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Quality Levels for Printing

Table of Contents

  1. Introduction
  2. Guide to the Categories
  3. Detail Requirements
  4. General Attributes
  5. Evaluation Methods

1. Introduction

The Quality Levels for Printing was developed by  Public Works and Government Services Canada (PWGSC). It is the intent of this document to provide a means, common to both client and supplier, for specifying and measuring the quality requirements of finished printed work.

While this document relates to the final, printed work the quality of the components supplied to produce the work must be such as to support the requested print quality level. See A Customer Guide to Quality Printing for more information on supplying material for printing.

The quality levels in this document are rated in ascending order: Utility, Office, Informational, Library and Prestige. It is possible that attributes of a particular project can be specified at more than one quality level (i.e. folding tolerance - "Prestige", print quality - "Informational").

Utility and Office Quality is meant for documents which are primarily for internal or administrative use and appearance is not a high concern.

Informational Quality will cover the majority of Government publications. This quality level is the standard for producing a visually pleasing printed product using normal industry production practices. Typical jobs may range from single color line work to process color illustrations and will have an intended lifespan of less than ten years.

Library Quality is recommended if a publication has an intended lifespan of ten years or greater and is to be adhesive bound or case bound; The illustrations are functional to the use of the material (rather than purely decorative) and must be produced at an above average quality (e.g. professional journals); The overall quality characteristics are of above average importance and must be produced to a high quality level (e.g. internationally distributed publications).

Prestige Quality is recommended if the visual appearance has exceptional importance and small cosmetic defects are likely to result in adverse comments during its use (e.g. art reproductions) or the quality of the images, whether halftone, line work, or multicolor are vital to the usefulness of the publication; e.g. where halftone illustrations are critical in distinguishing subtle details of fauna or flora.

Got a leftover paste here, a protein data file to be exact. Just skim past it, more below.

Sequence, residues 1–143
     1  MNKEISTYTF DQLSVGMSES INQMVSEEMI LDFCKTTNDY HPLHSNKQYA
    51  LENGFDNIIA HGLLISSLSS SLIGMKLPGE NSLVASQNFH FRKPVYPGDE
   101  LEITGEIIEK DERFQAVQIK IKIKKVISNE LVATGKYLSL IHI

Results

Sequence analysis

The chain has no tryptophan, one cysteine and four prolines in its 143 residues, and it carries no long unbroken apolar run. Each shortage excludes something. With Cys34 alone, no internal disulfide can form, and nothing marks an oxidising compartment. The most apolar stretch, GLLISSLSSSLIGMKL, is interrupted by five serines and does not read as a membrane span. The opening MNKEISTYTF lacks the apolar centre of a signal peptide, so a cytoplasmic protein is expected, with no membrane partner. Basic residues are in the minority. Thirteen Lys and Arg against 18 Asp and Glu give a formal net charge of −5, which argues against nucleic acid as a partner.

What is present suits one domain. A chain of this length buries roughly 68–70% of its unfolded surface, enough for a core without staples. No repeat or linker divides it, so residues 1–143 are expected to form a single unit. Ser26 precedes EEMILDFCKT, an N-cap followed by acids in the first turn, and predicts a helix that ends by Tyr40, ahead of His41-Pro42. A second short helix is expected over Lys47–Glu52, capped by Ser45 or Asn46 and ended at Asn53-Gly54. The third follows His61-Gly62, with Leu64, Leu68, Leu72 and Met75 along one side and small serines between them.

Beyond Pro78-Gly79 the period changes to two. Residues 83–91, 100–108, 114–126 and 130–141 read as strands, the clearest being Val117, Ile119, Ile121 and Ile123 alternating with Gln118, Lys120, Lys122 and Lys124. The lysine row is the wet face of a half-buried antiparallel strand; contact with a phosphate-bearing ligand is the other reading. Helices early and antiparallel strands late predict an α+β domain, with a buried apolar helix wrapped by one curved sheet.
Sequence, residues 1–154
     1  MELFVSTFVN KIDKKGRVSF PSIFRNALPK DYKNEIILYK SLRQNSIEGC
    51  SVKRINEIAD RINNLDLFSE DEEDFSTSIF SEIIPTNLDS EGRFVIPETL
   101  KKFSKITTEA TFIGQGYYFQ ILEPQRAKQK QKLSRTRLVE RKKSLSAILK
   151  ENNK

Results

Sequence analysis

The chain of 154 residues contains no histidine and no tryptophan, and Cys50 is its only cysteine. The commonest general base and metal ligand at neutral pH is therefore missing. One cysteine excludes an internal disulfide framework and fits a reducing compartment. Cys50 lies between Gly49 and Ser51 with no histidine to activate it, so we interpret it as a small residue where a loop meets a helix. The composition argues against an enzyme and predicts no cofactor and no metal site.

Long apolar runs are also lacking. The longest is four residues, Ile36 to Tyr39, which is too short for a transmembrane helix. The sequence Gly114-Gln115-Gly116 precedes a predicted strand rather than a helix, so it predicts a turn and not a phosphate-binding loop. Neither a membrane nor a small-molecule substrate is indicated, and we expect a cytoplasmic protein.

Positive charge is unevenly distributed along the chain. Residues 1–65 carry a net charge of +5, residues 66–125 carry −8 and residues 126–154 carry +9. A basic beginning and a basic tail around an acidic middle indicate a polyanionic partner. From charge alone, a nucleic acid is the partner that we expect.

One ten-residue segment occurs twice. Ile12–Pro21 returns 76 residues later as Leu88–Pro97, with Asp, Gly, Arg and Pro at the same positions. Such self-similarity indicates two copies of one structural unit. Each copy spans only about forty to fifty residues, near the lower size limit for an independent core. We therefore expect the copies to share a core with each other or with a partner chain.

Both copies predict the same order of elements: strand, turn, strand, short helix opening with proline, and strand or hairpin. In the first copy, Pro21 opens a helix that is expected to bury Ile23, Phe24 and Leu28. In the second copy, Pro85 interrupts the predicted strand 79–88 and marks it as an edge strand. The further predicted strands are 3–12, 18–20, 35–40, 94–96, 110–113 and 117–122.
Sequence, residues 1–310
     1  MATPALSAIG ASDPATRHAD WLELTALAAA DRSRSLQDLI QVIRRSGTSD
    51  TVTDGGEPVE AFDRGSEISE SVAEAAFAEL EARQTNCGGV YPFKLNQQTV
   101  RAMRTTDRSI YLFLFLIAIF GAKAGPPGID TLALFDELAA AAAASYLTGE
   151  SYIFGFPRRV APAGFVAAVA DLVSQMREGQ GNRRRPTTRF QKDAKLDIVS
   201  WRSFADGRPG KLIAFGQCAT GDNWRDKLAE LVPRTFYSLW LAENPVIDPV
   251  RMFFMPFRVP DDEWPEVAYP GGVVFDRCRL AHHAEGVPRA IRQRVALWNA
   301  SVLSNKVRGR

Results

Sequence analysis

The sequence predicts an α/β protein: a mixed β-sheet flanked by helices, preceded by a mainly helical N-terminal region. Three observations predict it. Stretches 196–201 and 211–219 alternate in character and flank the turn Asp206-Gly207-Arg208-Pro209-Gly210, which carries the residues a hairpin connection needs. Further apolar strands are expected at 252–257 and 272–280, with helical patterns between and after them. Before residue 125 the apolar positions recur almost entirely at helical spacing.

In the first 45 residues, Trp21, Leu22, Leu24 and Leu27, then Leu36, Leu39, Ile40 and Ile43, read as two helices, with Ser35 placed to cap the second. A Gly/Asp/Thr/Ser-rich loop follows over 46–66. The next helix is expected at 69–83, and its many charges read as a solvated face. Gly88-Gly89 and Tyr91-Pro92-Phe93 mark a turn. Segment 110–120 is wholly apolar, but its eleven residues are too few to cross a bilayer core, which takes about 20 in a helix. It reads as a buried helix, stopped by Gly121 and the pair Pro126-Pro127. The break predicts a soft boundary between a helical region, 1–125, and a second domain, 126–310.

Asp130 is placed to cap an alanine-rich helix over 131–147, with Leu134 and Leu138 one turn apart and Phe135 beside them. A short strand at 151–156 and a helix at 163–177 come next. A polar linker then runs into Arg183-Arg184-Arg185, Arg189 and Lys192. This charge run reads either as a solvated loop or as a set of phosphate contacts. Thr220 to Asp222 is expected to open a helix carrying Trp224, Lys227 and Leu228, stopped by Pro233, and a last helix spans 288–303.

For the three higher quality levels, the same good production practices will assist in the achievement of the quality attributes but extra care and attention is critical in each succeeding higher level. This also means that the client must expect to pay more for a project at each higher quality level.

Please direct any comments or proposed revisions to:

Manager, Printing Procurement Division
Constitution Square
360 Albert St., 12th Floor
Ottawa, Ontario, K1A 0S5, CANADA

2. Guide to the Categories

Category Synonyms Typical of Category
  • Engraved invitation cards
  • Deluxe bound books
  • "Prestige" stationery (Cabinet Minister's)
  • Limited-series lithographs
  • Library books
  • Maps (Multi-colour)
  • Professional journals
  • Magazines
  • Advertising literature
  • Technical reports with illustrations
  • Catalogues (1 to 4 colours)
  • Departmental annual reports Press releases
  • Departmental stationery
  • Forms and memos
  • Internal publications
  • Management reports
  • Phone directories
  • Circulars
  • Copy from computer print-outs
  • Direct mail flyers
  • Form letters from typed copy

3. Detail Requirements

The test procedures are fully described in the "Evaluation Methods" section.

Quality Parameters and Specifications Prestige Library Informational Office Utility
Solids (Black). Density by visual filter
(a) Uncoated paper, average density must not be less than 1.10 1.10 1.0 0.8 0.6
(b) Coated paper, average density must not be less than 1.30 1.30 1.20 N/A N/A
(c) Density range within a solid or between adjacent solids must not exceed 0.05 0.10 0.10 0.15 0.20
(d) Density variation throughout the run must not exceed ± 0.05 ± 0.10 ± 0.10 ± 0.15 ± 0.25
Solids (Colour) Test as directed
Run variance shall not exceed 0% 0% 2.5% N/A N/A
Colour Match (Single "Spot" Colour) Test as directed
The total colour difference (Delta E) between the specified and printed colour must not exceed 2.0 3.0 4.0 N/A N/A
Ink Gloss
Minimum gloss (when specified) 85% 80% 75% N/A N/A
Misregister shall not exceed .05 mm(0.002 in.) .075 mm(0.003 in.) .100 mm(0.004 in.) .250 mm(0.010 in.) N/A
Hickies, Spots and Lint
(a) Maximum permitted count in any one area 1 5 15 25 55
(b) Maximum average count per publication 1 2 5 10 15
Skewness of Image
Maximum displacement of image axis shall not exceed .760 mm(0.030 in) .760 mm(0.030 in.) 1.50 mm(0.060 in.) 3.20 mm(0.125 in.) 6.40 mm(0.250 in.)
Folding - One, two or three folds
Folds shall not be out of specified position by more than .250 mm(± 0.010 in.) .500 mm(± 0.020 in.) .760 mm(±0.030in.) 1.50 mm(± 0.60 in.) 3.20 mm(±0.125 in.)
Folding - More than three folds.
Folds shall not be out of specified position by more than .760 mm(±0.030 in.) .760 mm(±0.030 in.) .760 mm(±0.030 in.) 1.50 mm(±0.060 in.) 3.20 mm(±0.125 in.)
All work shall be trimmed to specified size .250 mm(± 0.010 in.) .500 mm(± 0.020 in.) .760 mm(± 0.030 in.) 1.50 mm(± 0.060 in.) 3.20 mm(± 0.0125 in.)